Trapped in The Backseat of a Car: Nobody Can Imagine Losing a Child Like That




Every year, families go through the horrible loss of a loved baby or toddler when their loved ones are accidentally left strapped to a safety seat or become trapped in a vehicle that can rapidly heat up.

The Department of Meteorology and Climate Sciences at San Jose State University tracked the heatstroke deaths of 661 children in vehicles, and provides data showing that in 54% of the cases, the victim was forgotten in the car, which would be equivalent to around 356 deaths. Other cases of the survey describe that 29% were playing unattended in the vehicle, 17% were intentionally left in the vehicle by an adult and 1% were reported as unknown cases.

Most people believe this type of incidents only occur during summer months, but records kept by the Department of Earth & Climate Sciences at San Francisco State University shows that deaths have occurred in every month except January.

Meanwhile, the National Highway Traffic Safety Administration reports the occurrence of heat strokes in vehicles is the leading cause of all non-crash related deaths, that involve children 14 years or younger, at 61 percent.


"Far too many wonderful parents and caregivers believe that this would never happen to them or their family."

says Janette Fennell, both president and founder of KidsandCars.org. She explains nobody is immune to this tragedy, and it could occur in any situation.

Whether leaving a child unattended in a car is a crime or not largely depends on one’s location. Twenty states have laws addressing the issue of leaving children unattended, but only Louisiana, Maryland, and Nebraska actually ban the practice. Though they differ on the definition of a child and a suitable guardian to stay in the car. Here is a simplified table with each state and the corresponding laws.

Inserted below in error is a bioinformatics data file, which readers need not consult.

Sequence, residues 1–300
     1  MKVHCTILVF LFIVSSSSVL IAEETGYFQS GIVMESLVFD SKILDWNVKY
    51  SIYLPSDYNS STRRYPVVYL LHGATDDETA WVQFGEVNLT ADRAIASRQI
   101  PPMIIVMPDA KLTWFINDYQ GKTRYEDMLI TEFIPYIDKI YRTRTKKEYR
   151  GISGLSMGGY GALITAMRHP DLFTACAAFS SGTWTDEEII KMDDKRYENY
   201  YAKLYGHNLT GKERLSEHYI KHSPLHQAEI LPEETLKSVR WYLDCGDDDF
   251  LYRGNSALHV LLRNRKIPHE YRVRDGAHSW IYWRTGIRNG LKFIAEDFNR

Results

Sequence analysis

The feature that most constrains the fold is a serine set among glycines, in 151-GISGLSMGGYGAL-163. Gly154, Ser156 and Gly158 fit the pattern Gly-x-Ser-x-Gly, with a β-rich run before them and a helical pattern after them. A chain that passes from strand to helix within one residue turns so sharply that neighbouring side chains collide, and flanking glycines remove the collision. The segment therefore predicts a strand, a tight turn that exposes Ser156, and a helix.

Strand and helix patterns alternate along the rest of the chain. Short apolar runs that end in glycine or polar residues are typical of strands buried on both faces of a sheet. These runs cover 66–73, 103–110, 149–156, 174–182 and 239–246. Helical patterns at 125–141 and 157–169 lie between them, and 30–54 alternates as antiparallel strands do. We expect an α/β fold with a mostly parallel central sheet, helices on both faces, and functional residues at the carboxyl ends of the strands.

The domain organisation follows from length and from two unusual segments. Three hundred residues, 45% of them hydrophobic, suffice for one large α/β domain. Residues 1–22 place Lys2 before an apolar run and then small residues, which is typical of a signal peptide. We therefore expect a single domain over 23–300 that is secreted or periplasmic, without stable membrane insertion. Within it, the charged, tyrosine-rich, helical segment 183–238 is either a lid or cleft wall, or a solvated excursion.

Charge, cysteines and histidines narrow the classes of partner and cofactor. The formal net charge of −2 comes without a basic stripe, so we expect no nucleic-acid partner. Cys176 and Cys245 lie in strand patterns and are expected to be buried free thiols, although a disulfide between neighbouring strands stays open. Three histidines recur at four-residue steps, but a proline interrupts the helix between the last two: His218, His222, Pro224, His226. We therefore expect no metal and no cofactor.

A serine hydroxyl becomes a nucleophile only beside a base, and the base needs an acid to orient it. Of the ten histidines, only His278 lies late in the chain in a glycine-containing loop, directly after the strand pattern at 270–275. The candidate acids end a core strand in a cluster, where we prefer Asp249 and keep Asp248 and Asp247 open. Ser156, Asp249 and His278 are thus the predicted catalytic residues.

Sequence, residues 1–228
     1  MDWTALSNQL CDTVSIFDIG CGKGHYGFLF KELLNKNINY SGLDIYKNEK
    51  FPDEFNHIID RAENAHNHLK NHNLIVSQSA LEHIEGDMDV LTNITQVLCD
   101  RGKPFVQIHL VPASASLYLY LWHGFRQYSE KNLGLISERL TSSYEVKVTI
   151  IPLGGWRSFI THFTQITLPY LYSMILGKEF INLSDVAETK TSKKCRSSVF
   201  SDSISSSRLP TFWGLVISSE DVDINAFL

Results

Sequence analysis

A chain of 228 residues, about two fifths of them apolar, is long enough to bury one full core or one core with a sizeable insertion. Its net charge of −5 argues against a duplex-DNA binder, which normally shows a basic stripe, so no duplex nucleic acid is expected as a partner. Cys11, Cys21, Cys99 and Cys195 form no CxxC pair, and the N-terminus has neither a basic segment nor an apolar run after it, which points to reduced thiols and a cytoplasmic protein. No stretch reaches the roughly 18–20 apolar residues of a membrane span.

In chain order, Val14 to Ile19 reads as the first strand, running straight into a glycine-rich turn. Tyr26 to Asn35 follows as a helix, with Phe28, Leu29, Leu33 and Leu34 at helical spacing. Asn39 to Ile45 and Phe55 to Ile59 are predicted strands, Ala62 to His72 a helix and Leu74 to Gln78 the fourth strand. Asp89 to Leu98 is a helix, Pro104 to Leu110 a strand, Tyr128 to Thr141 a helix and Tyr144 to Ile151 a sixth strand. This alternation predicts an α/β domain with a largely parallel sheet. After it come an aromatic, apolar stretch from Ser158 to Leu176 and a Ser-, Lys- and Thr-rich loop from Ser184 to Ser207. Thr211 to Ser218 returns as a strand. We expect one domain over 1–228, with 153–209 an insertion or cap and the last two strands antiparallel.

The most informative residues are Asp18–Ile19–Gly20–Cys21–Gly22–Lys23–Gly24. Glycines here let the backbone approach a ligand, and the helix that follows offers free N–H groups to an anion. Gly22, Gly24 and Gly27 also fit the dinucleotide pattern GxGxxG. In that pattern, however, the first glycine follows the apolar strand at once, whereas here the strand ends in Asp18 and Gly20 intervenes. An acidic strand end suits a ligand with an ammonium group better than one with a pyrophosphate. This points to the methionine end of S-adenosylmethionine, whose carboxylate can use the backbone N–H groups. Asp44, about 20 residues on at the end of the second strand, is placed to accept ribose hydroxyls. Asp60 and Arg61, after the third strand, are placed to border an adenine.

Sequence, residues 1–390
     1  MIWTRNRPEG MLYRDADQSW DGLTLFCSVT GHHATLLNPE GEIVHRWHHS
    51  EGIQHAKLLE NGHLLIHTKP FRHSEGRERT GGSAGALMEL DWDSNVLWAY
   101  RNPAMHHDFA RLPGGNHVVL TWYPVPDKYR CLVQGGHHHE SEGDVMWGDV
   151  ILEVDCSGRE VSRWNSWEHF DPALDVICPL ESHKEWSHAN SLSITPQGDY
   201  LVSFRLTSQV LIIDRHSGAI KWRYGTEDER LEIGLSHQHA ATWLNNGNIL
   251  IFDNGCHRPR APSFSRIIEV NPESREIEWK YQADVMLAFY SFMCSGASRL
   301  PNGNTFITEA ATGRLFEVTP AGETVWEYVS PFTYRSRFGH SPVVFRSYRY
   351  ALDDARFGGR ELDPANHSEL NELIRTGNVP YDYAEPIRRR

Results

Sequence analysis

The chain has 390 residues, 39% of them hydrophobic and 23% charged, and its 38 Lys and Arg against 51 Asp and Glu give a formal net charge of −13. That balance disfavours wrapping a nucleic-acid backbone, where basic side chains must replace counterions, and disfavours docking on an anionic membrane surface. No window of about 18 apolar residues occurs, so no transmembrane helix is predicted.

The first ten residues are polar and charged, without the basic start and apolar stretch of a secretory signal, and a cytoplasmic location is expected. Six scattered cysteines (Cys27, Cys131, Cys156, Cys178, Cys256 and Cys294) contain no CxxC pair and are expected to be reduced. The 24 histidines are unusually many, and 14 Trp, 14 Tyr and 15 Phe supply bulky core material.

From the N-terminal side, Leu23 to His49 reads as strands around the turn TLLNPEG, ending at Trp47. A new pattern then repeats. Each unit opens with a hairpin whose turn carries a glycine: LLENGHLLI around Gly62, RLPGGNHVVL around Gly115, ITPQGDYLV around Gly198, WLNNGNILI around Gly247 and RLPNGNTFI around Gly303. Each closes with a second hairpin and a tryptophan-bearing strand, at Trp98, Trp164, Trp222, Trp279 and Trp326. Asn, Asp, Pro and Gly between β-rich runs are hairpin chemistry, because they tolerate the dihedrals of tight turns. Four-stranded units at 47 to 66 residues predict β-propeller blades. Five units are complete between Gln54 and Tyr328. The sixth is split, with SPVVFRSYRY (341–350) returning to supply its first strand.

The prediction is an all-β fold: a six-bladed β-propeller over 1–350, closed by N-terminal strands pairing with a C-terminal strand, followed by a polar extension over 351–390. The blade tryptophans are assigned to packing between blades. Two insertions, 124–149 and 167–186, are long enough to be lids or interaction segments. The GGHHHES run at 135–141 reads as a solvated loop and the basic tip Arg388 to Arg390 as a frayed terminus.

States such as Hawaii, Texas, and Utah allow parents and caregivers to leave children unattended in a car for up to five minutes. Illinois and Florida allow up to 15 minutes. Laws in several other states, including California, specify that children cannot be left in a vehicle in dangerous conditions, such as hot weather.

Yet, states without these laws can still prosecute parents under child endangerment statuses. It's not clear how many parents are arrested for leaving their kids unsupervised in cars, but there are plenty of cases where caregivers have been arrested and charged with child desertion or endangerment.

Even though many states try to limit the time children stay unattended in automobiles, the biggest cause of deaths in parked cars is the fact that children are simply forgotten by their responsible parent or guardian, which stand above all other causes at 80 percent. The following image can provide easy to see information to protect your family.

Guidelines for Leaving Kids Alone

Helpful tips and reminders to keep in mind:

  • A child’s body temperature can rise up to five times faster than an adult’s. A child dies with a 107 degree body temperature.
  • Cracking a window open and parking in the shade aren't sufficient safeguards.
  • It takes only 10 minutes for a car's temperature to reach 20 degrees Fahrenheit.
  • On an 80-degree day, temperatures inside a vehicle can reach deadly peaks in 10 minutes.


    How to Avoid a Hot Car Tragedy:


  • Make a habit of always put your cell phone, purse, or briefcase, and anything else you'll need that day, on the floor of the backseat. When you retrieve it at the end of the ride, you'll notice your child.
  • Seat your younger child behind the front passenger seat, where he's most likely to catch your eye.
  • Keep a stuffed animal in the car seat when it's empty. When you put your child in the seat, move the animal to the front passenger seat, to remind you that your baby is on board.
  • Ask your child's babysitter or daycare provider to always phone you promptly if your child isn't dropped off as scheduled.
  • Never assume someone else has taken a young kid out of her seat. Such miscommunication has led to more than a few hot-car deaths.

    Technologies to Help Parents

    Beyond the tips provided above parents can use new technologies to help prevent this problem. Smart trackers and other devices that contain a heat sensor can be attached to the clothing of a baby. If the ambient temperature rises above a certain value, the smart device sends a notification to parents. Those devices also contain a distance alert function. If the parent and child are separated by more than 20 to 30 feet, the parent received a notification on his/her smartphone. The AmbyGear smartwatch contains the features described above and can change from a smartwatch form to a clip form which is more suitable for kids younger than 5.

    AmbyGear Baby Clip - Artist Concept